New educational programs aimed at meeting the state's changing needs for agriculture and rangeland are being implemented at the College of Agriculture, Biotechnology and Natural Resources at the University of Nevada-Reno this coming semester.
The college's new Department of Agriculture, Nutrition and Veterinary Sciences will offer two new degrees: agricultural sciences and rangeland ecology and management.
A revamped and renamed major, forest management and ecology, was part of the package recently approved by the Nevada System of Higher Education Board of Regents.
The new degrees were developed with significant input from industry, faculty and other stakeholders. Key elements of the department's programs were retained, especially pre-veterinary education and teaching and research in livestock/range management, by combining faculty with other departments in the college.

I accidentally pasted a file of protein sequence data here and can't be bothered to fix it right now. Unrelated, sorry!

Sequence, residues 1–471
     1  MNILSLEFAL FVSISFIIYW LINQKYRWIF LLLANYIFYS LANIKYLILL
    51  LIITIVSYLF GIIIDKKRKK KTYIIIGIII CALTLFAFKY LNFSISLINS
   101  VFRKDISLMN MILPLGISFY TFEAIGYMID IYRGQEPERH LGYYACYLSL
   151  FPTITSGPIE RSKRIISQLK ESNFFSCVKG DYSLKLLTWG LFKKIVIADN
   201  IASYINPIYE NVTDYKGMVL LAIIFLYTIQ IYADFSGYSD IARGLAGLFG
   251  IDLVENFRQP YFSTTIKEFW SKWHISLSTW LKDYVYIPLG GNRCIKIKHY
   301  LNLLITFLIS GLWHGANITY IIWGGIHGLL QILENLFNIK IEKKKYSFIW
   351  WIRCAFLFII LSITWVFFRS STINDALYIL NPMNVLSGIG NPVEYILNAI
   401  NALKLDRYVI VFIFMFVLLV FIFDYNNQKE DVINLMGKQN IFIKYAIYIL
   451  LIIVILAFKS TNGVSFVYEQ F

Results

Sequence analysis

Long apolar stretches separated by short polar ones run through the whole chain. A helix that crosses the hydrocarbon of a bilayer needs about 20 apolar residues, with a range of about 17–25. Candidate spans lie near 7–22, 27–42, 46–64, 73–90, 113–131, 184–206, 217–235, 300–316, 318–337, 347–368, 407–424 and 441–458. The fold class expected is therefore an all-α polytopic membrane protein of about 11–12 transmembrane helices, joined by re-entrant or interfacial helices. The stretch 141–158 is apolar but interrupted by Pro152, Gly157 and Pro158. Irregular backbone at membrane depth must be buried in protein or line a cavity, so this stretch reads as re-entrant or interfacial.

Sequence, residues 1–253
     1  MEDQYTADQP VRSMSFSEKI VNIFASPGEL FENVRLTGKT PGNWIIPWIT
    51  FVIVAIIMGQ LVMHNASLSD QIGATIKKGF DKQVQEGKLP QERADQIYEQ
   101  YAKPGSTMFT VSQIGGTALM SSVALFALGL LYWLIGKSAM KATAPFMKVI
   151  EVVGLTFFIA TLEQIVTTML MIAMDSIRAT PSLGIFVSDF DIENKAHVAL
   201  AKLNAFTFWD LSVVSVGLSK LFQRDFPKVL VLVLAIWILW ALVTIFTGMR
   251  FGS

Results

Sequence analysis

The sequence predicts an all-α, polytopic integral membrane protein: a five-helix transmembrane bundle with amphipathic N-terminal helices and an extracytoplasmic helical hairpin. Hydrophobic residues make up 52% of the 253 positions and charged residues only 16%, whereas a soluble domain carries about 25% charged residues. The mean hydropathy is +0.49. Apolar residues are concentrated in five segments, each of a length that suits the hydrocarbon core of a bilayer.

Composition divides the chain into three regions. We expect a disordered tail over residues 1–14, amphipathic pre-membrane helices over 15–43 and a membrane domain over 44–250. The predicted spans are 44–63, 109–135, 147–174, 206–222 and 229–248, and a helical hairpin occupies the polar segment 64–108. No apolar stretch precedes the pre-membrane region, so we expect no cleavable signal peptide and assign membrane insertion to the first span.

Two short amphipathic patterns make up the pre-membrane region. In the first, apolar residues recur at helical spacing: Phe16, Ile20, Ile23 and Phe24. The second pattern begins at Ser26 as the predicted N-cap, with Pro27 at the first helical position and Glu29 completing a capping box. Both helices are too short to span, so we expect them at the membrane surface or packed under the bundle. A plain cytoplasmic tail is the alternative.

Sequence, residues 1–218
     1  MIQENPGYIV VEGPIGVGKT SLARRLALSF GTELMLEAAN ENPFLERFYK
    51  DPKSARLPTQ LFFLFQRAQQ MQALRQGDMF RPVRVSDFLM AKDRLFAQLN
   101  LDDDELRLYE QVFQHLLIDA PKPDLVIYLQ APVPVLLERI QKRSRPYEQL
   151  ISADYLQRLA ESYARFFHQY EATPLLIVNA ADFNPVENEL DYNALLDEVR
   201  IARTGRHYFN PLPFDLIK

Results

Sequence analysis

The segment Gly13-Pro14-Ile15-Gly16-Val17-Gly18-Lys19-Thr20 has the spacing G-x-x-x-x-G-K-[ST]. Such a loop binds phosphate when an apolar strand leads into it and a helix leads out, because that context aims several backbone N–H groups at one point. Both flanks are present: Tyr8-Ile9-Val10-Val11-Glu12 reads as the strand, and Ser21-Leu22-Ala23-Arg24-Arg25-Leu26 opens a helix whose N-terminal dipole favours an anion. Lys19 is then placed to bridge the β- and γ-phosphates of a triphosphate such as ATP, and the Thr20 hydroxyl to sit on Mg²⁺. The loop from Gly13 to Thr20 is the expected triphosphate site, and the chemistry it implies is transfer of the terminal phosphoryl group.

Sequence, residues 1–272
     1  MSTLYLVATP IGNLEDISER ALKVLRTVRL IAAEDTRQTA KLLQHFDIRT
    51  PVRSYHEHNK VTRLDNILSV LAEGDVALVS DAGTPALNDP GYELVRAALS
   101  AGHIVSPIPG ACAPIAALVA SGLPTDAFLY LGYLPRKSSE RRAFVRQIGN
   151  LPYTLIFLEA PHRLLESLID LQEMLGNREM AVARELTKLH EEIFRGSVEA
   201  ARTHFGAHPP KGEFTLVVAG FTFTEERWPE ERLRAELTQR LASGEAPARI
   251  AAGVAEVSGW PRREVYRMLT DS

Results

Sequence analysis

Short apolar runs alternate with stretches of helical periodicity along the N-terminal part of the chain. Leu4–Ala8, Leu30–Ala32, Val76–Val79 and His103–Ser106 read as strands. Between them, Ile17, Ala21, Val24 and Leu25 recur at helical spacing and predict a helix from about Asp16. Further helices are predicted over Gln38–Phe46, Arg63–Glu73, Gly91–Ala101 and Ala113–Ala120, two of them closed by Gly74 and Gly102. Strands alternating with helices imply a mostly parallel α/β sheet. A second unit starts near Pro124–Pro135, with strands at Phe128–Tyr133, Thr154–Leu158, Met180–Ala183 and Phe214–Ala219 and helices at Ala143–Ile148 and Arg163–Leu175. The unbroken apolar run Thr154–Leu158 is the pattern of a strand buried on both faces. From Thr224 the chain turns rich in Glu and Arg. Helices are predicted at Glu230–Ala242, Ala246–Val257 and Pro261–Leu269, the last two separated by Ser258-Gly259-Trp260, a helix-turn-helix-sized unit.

"We've realigned departments to build new offerings for students, developed these two new majors and both strengthened and created new synergies between departments and the ag and rangeland community," says Ron Pardini, CABNR dean.
"We'll look a little different than we did in 2010, and with strategic planning and targeting industry needs our students will be well trained to enter the job market where jobs will exist here in Nevada."
CABNR will be leaner, more efficient and more focused after the budget-induced streamlining that spotlights the future, Pardini says. The new realignment offers students a variety of course options in the two new degree programs that complement existing programs. The ag science degree has a strong scientific emphasis on modern technical aspects of ag production and ag business management.
"It's designer curriculum for ag sciences students," says Pardini. "They can organize their course work within several departments to fit their needs. We have a robust series of ag economics and business courses or they can emphasize science and production and get large animal experience in our vet program, which will help satisfy a shortage of large animal vets in Nevada."